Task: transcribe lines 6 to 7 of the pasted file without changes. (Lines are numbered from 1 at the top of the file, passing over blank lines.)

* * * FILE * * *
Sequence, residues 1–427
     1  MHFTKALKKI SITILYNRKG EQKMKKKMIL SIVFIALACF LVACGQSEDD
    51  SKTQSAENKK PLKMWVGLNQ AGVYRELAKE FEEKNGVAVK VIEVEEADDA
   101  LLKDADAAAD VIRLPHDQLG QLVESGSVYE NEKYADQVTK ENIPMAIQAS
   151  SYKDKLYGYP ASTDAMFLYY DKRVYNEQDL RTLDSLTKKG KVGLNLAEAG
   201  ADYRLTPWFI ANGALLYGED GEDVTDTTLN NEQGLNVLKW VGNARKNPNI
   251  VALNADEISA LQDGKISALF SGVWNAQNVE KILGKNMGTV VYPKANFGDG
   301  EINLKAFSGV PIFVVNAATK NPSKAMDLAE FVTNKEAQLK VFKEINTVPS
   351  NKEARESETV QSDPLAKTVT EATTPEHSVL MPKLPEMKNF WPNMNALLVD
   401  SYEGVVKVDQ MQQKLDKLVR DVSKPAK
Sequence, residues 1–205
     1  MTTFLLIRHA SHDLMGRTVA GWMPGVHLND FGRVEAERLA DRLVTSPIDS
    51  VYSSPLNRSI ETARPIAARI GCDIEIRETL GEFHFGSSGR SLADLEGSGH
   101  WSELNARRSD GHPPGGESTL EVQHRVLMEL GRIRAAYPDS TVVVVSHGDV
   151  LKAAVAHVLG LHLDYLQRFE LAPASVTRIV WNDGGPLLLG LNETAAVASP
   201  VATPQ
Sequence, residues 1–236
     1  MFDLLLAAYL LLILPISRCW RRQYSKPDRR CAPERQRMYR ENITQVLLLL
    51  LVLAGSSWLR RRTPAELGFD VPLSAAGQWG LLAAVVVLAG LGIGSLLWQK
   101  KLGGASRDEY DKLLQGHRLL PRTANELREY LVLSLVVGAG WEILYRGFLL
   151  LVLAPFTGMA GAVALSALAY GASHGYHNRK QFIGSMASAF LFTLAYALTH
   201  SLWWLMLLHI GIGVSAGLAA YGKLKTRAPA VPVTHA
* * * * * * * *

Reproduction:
   201  ADYRLTPWFI ANGALLYGED GEDVTDTTLN NEQGLNVLKW VGNARKNPNI
   251  VALNADEISA LQDGKISALF SGVWNAQNVE KILGKNMGTV VYPKANFGDG